Is Mindful Eating Actually Healthier?
Grab a raisin—just one raisin—and put it on a plate. Now, sit down and examine the raisin. Smell it. Roll it between your fingers. When you feel you’ve fully appreciated its raisin-ness, pop it into your mouth, and consider its taste and texture as you slowly chew and swallow it.
You’ve just dabbled in the trendy practice of mindful eating: a kind of meditation in motion that’s increasingly being scientifically studied for its potential health benefits. Like other mindfulness methods, it emphasizes a judgment-free awareness of your thoughts, emotions and sensory experiences, and it helps you pay attention to a task all of us do (several times a day) but seldom stop to notice.
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Some experts believe that mindful eating helps attune practitioners to many parts of the body and can therefore have benefits from the brain to the gut. Mindful eating can help connect you to your body’s built-in hunger and fullness cues—signals many of us miss when we’re distracted by TV, phones or other external stimuli, says Megrette Fletcher, a registered dietitian, co-founder of the nonprofit Center for Mindful Eating and author of five books on mindful eating. It can also help you make better food choices. “The key benefit of mindful eating is it is a sustainable approach to dietary change,” she says.
Here’s how mindful eating can help improve your diet and health.
Mindful eating might help you eat less
One review of 24 studies, published in the American Journal of Clinical Nutrition, found evidence that “attentive eating” helped people eat less during meals, while inattentive eating led people to eat more during a meal and also later on.
Eating while you’re distracted seems to have effects even after you’re full. A study of TV watchers published in the journal Frontiers in Psychology found that the more engaged they were with a TV show, the more they tended to eat.
This type of “mindless” eating can also prompt you to eat more later in the day. “Distraction reduces how much attention you allocate to what you are eating, and your memory for that eating experience will be less accurate and vivid,” says Eric Robinson, first author of the American Journal of Clinical Nutrition review and a behavioral scientist at the University of Liverpool in the U.K. How well you remember your meal matters, Robinson says, because your memory of what you’ve eaten seems to play an important role in regulating your appetite.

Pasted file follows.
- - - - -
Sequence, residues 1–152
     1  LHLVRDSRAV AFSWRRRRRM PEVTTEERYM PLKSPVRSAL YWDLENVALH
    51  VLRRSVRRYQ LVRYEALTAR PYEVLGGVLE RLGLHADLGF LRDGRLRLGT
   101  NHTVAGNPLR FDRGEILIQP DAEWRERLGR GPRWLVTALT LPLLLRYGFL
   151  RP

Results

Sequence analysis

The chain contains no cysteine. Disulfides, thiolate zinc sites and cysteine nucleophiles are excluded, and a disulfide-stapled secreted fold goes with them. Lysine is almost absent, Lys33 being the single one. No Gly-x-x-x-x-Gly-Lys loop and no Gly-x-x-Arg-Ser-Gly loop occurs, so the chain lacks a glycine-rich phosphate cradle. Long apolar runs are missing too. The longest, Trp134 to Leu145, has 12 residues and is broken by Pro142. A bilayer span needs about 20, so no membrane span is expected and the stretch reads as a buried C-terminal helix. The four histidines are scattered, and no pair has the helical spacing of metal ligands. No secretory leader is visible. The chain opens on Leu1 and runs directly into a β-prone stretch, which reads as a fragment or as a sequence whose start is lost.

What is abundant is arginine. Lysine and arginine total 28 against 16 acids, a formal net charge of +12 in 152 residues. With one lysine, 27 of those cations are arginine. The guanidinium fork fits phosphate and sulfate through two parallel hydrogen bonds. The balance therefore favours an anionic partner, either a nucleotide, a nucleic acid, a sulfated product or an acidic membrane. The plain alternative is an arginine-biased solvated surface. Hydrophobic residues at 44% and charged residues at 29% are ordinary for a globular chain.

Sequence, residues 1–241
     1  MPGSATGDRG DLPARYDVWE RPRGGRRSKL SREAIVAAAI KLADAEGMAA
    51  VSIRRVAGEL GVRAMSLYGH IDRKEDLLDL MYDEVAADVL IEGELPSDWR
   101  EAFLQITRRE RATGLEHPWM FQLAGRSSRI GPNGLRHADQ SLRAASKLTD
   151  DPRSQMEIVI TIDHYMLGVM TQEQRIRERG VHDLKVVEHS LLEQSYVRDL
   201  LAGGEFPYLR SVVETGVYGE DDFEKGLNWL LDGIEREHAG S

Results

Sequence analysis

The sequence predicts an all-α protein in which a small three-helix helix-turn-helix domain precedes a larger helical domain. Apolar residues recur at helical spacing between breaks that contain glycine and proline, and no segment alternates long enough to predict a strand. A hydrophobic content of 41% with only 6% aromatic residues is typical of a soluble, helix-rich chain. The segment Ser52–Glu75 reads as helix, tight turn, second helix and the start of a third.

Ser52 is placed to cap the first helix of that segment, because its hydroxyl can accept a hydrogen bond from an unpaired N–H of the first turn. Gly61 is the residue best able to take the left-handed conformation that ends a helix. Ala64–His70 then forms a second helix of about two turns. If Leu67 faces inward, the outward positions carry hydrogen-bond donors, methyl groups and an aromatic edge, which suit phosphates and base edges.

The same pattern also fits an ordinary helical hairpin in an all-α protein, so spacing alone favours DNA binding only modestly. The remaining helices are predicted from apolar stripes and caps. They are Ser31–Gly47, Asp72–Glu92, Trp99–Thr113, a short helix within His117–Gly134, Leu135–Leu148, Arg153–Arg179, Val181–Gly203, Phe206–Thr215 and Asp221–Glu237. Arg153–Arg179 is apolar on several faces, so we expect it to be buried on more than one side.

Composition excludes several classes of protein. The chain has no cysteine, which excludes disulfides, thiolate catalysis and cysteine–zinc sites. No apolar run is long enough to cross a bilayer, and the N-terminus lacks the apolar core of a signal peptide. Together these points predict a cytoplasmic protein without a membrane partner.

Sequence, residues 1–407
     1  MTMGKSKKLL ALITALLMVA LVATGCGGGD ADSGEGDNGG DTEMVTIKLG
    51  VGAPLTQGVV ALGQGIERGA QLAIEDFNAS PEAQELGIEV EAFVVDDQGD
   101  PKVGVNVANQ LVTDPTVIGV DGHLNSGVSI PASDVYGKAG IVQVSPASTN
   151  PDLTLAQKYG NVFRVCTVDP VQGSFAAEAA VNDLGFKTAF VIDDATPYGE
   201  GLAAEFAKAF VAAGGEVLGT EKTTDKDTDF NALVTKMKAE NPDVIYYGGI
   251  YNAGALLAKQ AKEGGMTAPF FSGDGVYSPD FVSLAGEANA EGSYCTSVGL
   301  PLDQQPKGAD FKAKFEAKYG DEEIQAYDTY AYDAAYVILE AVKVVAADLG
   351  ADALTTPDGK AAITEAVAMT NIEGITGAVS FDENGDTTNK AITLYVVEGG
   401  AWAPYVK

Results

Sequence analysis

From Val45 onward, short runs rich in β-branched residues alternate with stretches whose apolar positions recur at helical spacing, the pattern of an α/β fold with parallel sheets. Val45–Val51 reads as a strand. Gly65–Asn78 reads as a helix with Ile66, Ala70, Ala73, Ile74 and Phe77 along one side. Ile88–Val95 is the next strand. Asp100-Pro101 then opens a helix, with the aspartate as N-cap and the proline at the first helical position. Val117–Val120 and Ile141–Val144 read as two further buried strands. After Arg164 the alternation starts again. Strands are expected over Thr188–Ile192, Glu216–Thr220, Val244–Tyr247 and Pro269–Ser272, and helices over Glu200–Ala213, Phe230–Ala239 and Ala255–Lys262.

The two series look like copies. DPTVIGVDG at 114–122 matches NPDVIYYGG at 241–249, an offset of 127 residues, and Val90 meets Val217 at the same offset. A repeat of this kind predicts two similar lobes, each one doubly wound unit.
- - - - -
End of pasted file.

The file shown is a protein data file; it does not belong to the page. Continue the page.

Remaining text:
Research has shown that asking people to recall in detail what they had for lunch leads them to eat less during an afternoon snack. Other research supports the idea that the degree of hunger you feel is dictated in part by your conscious awareness—not just by how much food you’ve consumed.
By strengthening your memory for what you’ve eaten, therefore, mindful eating may help control your appetite—and, by extension, your intake.
It can cut down on cravings
“Training in mindful eating may break the link between experiencing a food craving and indulging it,” says Ashley Mason, an assistant professor in the department of psychiatry at the University of California, San Francisco. “If we are mindful of our food craving—and mindful of how we feel after taking one bite, say, of a piece of chocolate cake—we might find fewer bites satisfying.” Mason’s research supports this notion. In a study she co-authored in the Journal of Behavioral Medicine, Mason found that when people practiced mindful eating, they ate less in response to their cravings, and this had a small but measurable effect on their weight.
Another aspect of mindful eating—its emphasis on awareness of thoughts and emotions and where they come from—could promote healthier mealtime habits by helping people tune in to their bodies. “We might realize that our food cravings are actually indicating something else,” Mason says. “Maybe we are stressed, tired or otherwise uncomfortable in some way that would be better served by an adaptive behavior that doesn’t involve eating,” like getting some exercise or taking a nap.
It may benefit your body and your gut
Paying attention to what’s on your plate may make for a healthier gut—and not just because you may be eating less. Some mindful-eating proponents say the practice encourages people to chew and savor their food more, slowing down the pace of a meal. Research has found that slow eating (and lots of chewing) helps trigger the release of gut hormones that aid digestion. A study published in the Journal of Crohn’s and Colitis found that mindfulness practices can reduce symptoms in patients with inflammatory bowel disease—most likely by relieving stress, which is an established trigger of symptoms. Other studies have found that mindful eating may help people with Type 2 diabetes by easing blood-sugar spikes and improving diet quality.
Mindful eating might not help you lose weight
The practice may not be the best weight-loss solution. “The research regarding mindful eating and weight loss is not clear,” Fletcher says. Some studies show an edge for using mindful eating as a weight-loss tool, while others find none. A recent review of the research on mindful eating found “a lack of compelling evidence” that the practice could aid in weight management.
“We don’t know how much attention is required, or whether it’s possible to train people to eat more attentively in order to eat less and lose weight,” Robinson says. It’s also not yet known how much distraction is too much—or whether some types of distraction (like eating while answering email) are more diverting than others (like eating with friends), he says.
More research is needed. What is already clear, however, is that being distracted while you eat could lead to eating more overall—and that the promising benefits of mindful eating are worth paying attention to.
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